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Review: Call Me Kuchu
October 30, 2012
There are so many silent voices around the world that are finally getting their moment to speak out by almost accidental circumstances. The documentary Call Me Kuchu is a perfect example of how a widely controversial topic can gain some noise when discussed through an art form.
Although talking about gay rights in this day and age might seem like old news, it’s still a very different thing in Uganda. Following around a bunch of open LGBT individuals, filmmakers Katherine Fairfax Wright and Malika Zouhali-Worrall just happened to be in Kampala at the time Kato and the Rolling Stone had their court case, which instantaneously lead to Kato’s murder. We get a first-hand view of how the death of one memorable figure can cause a whirlwind shift around the world.
Although at times the film could get lengthy, and the quality of the filmmaking is a bit uncomfortable, the people exposed have so much depth in their personalities that you are instantly sucked in to their terrifying life of constant hiding, no protection, and just an overall discomfort felt by their own peers. It is bewildering to hear the editor of the local tabloid magazine say bluntly on-screen that he has no problem invading someone’s personal space for the entertainment of others.
I particularly like the one girl Naome who openly shares her personal story and magically brings others out with her warm touch. The magnitude of injustice put against them from the press and American Christian fundamentalist organizations makes her strength nearly impossible to believe, seeing her break down barriers in the most difficult people and draw out a common ground. Witnessing this epic movement, especially in the latter half of the documentary, is an experience we rarely get these days in the theatre.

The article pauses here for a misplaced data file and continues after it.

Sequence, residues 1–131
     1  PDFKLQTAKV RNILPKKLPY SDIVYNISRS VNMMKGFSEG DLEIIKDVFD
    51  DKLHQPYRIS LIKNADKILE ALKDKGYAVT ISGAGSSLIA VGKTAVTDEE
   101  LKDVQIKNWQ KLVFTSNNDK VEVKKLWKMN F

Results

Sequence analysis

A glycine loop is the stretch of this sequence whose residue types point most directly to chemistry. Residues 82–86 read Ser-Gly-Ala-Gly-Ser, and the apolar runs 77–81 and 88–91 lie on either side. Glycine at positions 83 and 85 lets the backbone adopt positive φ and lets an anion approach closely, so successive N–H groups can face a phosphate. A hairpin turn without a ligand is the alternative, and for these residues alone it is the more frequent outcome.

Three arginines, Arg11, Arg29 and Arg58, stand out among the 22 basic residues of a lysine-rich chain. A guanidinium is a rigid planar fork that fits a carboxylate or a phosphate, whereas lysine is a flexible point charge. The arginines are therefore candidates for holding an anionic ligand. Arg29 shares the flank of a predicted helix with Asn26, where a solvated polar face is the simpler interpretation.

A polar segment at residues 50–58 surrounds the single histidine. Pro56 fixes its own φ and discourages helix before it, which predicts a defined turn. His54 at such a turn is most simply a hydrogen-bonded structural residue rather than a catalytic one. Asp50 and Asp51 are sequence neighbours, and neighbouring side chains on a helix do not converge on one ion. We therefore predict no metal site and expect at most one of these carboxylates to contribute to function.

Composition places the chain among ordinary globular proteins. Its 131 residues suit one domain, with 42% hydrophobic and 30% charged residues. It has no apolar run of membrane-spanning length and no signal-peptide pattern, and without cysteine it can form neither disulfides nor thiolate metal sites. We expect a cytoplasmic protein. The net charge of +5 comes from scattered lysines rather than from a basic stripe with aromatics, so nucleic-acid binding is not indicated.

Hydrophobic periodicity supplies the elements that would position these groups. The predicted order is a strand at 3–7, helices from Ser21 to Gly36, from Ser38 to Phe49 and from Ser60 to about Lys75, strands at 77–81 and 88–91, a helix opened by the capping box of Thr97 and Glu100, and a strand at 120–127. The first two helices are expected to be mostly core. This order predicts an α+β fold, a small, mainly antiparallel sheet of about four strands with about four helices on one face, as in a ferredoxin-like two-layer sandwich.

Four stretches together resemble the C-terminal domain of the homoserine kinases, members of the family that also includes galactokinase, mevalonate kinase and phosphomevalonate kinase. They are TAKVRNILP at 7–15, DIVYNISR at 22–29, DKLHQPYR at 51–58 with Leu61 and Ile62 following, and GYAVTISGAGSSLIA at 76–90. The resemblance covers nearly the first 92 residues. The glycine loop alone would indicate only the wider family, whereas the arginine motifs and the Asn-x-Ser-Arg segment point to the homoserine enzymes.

What really drew me in was the innocence in the film-making. The directors basically had no idea what they were running into as they followed this out-lawed community around their day-to-day fight for freedom. These people will grow on you, and once again we will be reminded about our own ability to both abuse and nurture our own species.
Since this documentary was so awkwardly pieced together by a fascinating series of events, it became way more than just an expose about the daily lives of a group of people. Wright and Zouhall-Worrall were in the midst of a massive change in thought that gained International status as things got grimmer for the activists in Kampala. You’ll be surprised at the multitude of things that happen throughout these few years, but more importantly, you’ll be impressed with the reactions that follow.
Call Me Kuchu is released Friday 2nd November in the UK.